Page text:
12 Risk FactorsInjection drug use (60% of new HCV infections occur in persons who report injection drug use within the past 6 months)Blood product recipientsclotting factor before 1987blood transfusion or organ transplant before 1992HemodialysisUnregulated tattooIntranasal drug useIncarcerationHIV infectionHigh risk sexual behaviorSigns or symptoms of liver diseaseNo recommended frequency by USPTF. For some of these groups, one time screening is appropriate. In my HIV program we screen annually. For active IDUs, q 6 months may be appropriate. Don’t forget HCV as part of w/u for abnormal LFTs-we’ve had elderly Central American women who were given dx of fatty liver but then found to be Hep C+- for some immigrant groups the blood supply in their home country wasn’t screened until later, also clusters in the middle east, india, amazon basin of epidemics caused by vax campaigns with dirty needles.Source: USPSTF, 2013
13 Case StudyYou do further evaluation for Ronald with labs and imaging studies and find the following:LabsHepatitis C Viral LoadHepatitis C Genotype 1aHep A Ab+, Hep B SAg- and SAb+HIV negativeUltrasound shows cirrhotic appearing liver, no lesionsUpper endoscopy negative for esophageal varicesVL is confirmatory test for chronic HCV infection- 25% will clearGenotype- different than HIV genotype, strain of HCV-1 most common in US, still important for choosing treatment, may not be in the futureHep A/B immune- vaccination is one of most important stepsUS doesn’t show HCC which he’s at risk for, confirms our lab dx of cirrhosisAnd you manage to get him an endoscopy which is reassuring that he’s not too close to decompensated dz with varicose veins of the esophagus which can cause bleeding
14 Noninvasive Staging of Liver Disease Liver biopsy previous gold standard, now needed less, difficult to access for community based treatmentThis is a nice table from the VA of some noninvasive testing options.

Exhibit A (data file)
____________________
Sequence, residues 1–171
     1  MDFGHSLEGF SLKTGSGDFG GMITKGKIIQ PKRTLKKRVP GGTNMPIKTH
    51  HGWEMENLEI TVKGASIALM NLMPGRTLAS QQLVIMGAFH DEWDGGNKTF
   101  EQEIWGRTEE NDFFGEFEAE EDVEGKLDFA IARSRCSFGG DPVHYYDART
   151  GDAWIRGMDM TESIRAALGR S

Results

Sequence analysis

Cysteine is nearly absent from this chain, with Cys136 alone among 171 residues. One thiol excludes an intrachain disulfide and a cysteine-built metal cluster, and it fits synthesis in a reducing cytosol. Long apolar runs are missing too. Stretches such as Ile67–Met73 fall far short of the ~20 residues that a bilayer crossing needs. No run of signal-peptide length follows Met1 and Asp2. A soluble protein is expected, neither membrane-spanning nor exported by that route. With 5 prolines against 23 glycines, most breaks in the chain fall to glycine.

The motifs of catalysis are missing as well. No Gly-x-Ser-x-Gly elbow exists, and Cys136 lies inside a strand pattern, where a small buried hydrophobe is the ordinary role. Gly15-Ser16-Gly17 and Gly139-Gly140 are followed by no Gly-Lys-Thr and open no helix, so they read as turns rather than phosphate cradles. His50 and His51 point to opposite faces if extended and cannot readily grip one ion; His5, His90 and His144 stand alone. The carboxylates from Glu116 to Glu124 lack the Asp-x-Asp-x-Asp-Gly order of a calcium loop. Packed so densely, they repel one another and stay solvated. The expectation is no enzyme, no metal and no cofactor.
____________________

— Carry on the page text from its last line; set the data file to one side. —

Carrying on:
15 Staging of Liver Disease- Biomarkers One option- FIB-4 FIB-4 >3.25 has been associated with advanced fibrosis (specificity of 98%).A value <1.45 has a sensitivity of 74% and specificity of 80% in excluding significant fibrosisRonald’s score: 4.59Another option is using serum biomarkers. Commercially available assays available but also calculations you can do yourself. We’re using the FIB-4 index.Problem with all these noninvasive tests is they’re not very good for the middle ground
16 Primary Care Slide credit: M. Beiser, BHCHP This is one management algorithm that the Boston HCH clinic is using, based on Hep C primary care guidelines from TWHC cliniciansSlide credit: M. Beiser, BHCHP
17 HCV Patient Education Slide credit: M. Beiser, BHCHP Even for patients not interested in treatment, education is going to be keySlide credit: M. Beiser, BHCHP
19 Assessing Treatment Readiness What is the risk of progression of liver disease?What is the risk of infecting others?Should we wait for newer treatments?Is the patient motivated for treatment?What are potential barriers to access/adherence?HousingMental healthSubstance useInsuranceI am hopeful we are moving towards universal treatment for all HCV+ patients, as we try to do with HIV. We’re not quite there yet.So as we think about treating a patient now in 2014, we’ll be asking about risk of progression- EtOH, Hep B, insulin resistance. Is this person a driver of the epidemic?Waiting for newer treatments- available before the end of Is pt motivated, will they show up? Tx is an investment and in many cases it’s not urgent. Are there any factors we can address prior to treatment? For some people, IFN was such a big deal that it became very motivational for getting sober, addressing depression, etc.- not sure how important that will be as treatment gets easier, but as we see with HIV, still plays a role.
20 Case StudyAfter hearing about the severity of his liver disease, Ronald is open to treatment if the side effects won’t be too bad. “I don’t want to die from my liver after all that work to get sober.” “My girlfriend is worried about catching it from me if we move in together.” He faithfully attends every clinic appointment. He takes his diabetes meds regularly.Has both internal and external motivation for treatmentPromising markers of engagement in care and adherence